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Knottingley and Ferrybridge Memories

MORE MEMORIES OF KNOTTINGLEY


MAURICE HAIGH

Buck Yard was an early 1900's open square surrounded on four sides by plaster rendered cottages and I was born in one of theses cottages on the 14th June, 1935. I was the youngest of three sons born to Benjamin and Ada Haigh (nee Holt). My older brothers were William and Raymond.  My parents married at Christ Church, Knottingley on the 27th November, 1927. My father originated from the local village of Little Smeaton where he was born to Mary Haigh and Ada, my mother, was his second wife. He had previously married Elizabeth Byrom, a Knottingley woman who tragically died aged just 25 years. They had one daughter together, my half sister Irene who was adopted by relatives of the Byrom's and who did not in fact ever live with her fathers side of the family. My father served with the RNVR based in Plymouth at Victory Barracks and was posted to France where in 1917 he fought on the frontline. He suffered chest problems from a gas attack which affected his life in later years and upon his release from service he found employment as a glassworks labourer at Bagley's Glassworks in Knottingley. My father died in June 1936 leaving my mother with the task of rearing her three boys.

In 1940 we moved up the street to Anchor Yard and lived next door to our new neighbours the Turner family. They used to race greyhounds at the Knottingley dog track, one of their dogs being named 'Canny Lad' which I believe won a couple of races. Our Anchor Yard property was like many others around us. The toilet was situated at the furthest corner of the yard, a good thirty yards from the house. I mention this fact as through the blackout's during the war and also the cold winter months, you never forgot crossing the yard with a torchlight and at my age thinking of ghosts, monsters and other frightening things.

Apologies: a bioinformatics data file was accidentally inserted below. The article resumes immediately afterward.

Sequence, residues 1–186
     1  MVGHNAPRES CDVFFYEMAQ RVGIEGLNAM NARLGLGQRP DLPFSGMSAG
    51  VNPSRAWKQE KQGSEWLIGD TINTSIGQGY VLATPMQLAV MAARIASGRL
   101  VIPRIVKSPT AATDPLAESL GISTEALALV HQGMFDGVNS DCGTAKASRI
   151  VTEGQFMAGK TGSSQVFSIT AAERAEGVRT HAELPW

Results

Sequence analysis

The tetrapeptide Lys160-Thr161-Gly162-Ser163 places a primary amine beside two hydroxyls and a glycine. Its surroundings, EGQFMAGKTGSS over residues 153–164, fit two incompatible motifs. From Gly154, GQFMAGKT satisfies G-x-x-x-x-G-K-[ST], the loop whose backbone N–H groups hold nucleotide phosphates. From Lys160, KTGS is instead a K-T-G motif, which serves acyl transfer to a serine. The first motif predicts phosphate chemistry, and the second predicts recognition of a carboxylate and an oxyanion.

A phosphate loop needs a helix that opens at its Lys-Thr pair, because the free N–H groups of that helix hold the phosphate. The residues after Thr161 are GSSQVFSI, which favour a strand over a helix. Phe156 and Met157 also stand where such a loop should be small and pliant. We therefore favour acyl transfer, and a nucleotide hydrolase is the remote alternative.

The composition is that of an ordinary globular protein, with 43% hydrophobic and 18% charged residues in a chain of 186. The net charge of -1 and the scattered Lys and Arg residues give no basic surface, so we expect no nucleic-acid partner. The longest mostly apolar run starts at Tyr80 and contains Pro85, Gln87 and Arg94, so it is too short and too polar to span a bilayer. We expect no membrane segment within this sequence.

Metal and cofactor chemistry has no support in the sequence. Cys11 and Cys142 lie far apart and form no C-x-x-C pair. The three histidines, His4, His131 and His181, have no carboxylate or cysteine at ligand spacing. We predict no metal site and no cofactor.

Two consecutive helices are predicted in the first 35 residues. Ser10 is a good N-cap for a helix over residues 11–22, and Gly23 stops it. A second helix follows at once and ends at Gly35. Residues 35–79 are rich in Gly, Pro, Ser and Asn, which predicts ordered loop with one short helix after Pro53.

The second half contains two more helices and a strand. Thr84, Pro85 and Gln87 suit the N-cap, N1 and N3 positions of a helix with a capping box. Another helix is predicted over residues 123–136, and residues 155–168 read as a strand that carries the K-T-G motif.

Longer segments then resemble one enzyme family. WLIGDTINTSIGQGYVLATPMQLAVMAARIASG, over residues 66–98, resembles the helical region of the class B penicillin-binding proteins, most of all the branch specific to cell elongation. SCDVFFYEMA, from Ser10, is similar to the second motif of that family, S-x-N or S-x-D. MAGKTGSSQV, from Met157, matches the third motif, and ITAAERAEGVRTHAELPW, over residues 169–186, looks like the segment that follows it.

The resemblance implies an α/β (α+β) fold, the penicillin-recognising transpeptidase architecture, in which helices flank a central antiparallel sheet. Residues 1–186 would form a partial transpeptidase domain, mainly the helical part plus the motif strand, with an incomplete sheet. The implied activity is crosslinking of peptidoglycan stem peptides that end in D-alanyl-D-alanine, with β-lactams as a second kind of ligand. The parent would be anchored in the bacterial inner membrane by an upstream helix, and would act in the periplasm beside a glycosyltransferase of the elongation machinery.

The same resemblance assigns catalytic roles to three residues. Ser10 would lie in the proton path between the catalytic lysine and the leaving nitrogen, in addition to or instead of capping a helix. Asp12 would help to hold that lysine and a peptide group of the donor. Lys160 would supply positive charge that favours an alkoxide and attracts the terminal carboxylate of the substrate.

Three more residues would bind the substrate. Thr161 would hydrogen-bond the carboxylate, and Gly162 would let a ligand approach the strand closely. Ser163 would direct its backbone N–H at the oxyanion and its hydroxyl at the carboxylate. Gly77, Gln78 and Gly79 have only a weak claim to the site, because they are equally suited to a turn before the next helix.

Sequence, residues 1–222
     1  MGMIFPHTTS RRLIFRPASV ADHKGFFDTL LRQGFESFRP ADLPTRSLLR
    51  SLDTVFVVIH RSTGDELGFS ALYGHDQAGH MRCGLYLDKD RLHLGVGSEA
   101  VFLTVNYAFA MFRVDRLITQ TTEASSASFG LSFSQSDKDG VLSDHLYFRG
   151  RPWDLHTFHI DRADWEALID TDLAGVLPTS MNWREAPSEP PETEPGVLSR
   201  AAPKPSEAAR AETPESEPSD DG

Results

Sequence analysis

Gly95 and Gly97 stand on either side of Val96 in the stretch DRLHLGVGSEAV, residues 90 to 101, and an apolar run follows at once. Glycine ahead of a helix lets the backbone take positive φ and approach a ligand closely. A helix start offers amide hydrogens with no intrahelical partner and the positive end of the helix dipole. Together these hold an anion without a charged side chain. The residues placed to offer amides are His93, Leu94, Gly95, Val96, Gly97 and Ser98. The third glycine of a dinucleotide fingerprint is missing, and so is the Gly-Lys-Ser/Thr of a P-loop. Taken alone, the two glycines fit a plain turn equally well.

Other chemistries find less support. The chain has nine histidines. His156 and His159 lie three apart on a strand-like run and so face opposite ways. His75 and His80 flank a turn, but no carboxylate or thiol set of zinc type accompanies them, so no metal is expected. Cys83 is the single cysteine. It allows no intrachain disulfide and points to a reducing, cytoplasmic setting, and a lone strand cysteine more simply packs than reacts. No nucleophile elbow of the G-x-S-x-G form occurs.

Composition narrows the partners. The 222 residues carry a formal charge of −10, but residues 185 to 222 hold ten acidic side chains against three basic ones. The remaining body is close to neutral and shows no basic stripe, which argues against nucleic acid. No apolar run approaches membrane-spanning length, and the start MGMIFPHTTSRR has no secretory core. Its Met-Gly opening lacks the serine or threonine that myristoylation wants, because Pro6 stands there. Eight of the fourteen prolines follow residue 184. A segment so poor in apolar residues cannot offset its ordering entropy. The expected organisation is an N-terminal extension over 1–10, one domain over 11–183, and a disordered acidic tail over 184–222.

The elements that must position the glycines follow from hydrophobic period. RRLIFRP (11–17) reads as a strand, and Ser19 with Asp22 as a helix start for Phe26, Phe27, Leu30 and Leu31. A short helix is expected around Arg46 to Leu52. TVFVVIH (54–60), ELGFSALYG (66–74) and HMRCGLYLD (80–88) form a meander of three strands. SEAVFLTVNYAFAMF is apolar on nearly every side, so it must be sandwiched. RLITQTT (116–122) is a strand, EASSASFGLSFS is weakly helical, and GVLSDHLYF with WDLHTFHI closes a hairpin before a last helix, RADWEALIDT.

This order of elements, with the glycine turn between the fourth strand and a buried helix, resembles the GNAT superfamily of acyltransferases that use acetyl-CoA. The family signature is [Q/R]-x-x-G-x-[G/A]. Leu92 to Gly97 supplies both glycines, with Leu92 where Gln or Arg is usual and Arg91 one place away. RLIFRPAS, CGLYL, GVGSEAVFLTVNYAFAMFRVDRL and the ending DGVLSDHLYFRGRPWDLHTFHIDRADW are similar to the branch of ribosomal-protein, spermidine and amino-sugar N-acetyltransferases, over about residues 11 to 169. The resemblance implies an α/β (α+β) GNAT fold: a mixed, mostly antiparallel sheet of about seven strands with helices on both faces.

The main public meeting places were the Palace cinema and the Town Hall.  The owner of the Palace was Mr. Wood, a plump man who wore thick black framed glasses and was without a hair on his head. He was very proud of the cinema and always had pride of place on the top stair to the entrance. He was always dressed very smartly with a fine suit, shirt and tie and shiny footwear.  The balcony price was one shilling and sixpence which in the 1940's was a lot of money to pay. Belonging to the 'riff raff' so to speak, we sat in the first three rows of seats which were constructed of wood and very uncomfortable on your bottom.  We paid sixpence for the privilege though it did not spoil our entertainment. My mother would take me to the concerts held during the war in the Town Hall. Local people who had some talent for singing, whistling etc.. entertained us although without doubt the stars of the concerts were the Kellet sisters, Pamela and Margery, better known as the 'K' Sisters. They always had the best makeup, dresses and hairstyling. In later years they performed professionally and went into the theatre and on radio. The majority of the concerts held during the war were organised to help the war effort by raising money to pay for a spitfire or tank and so on.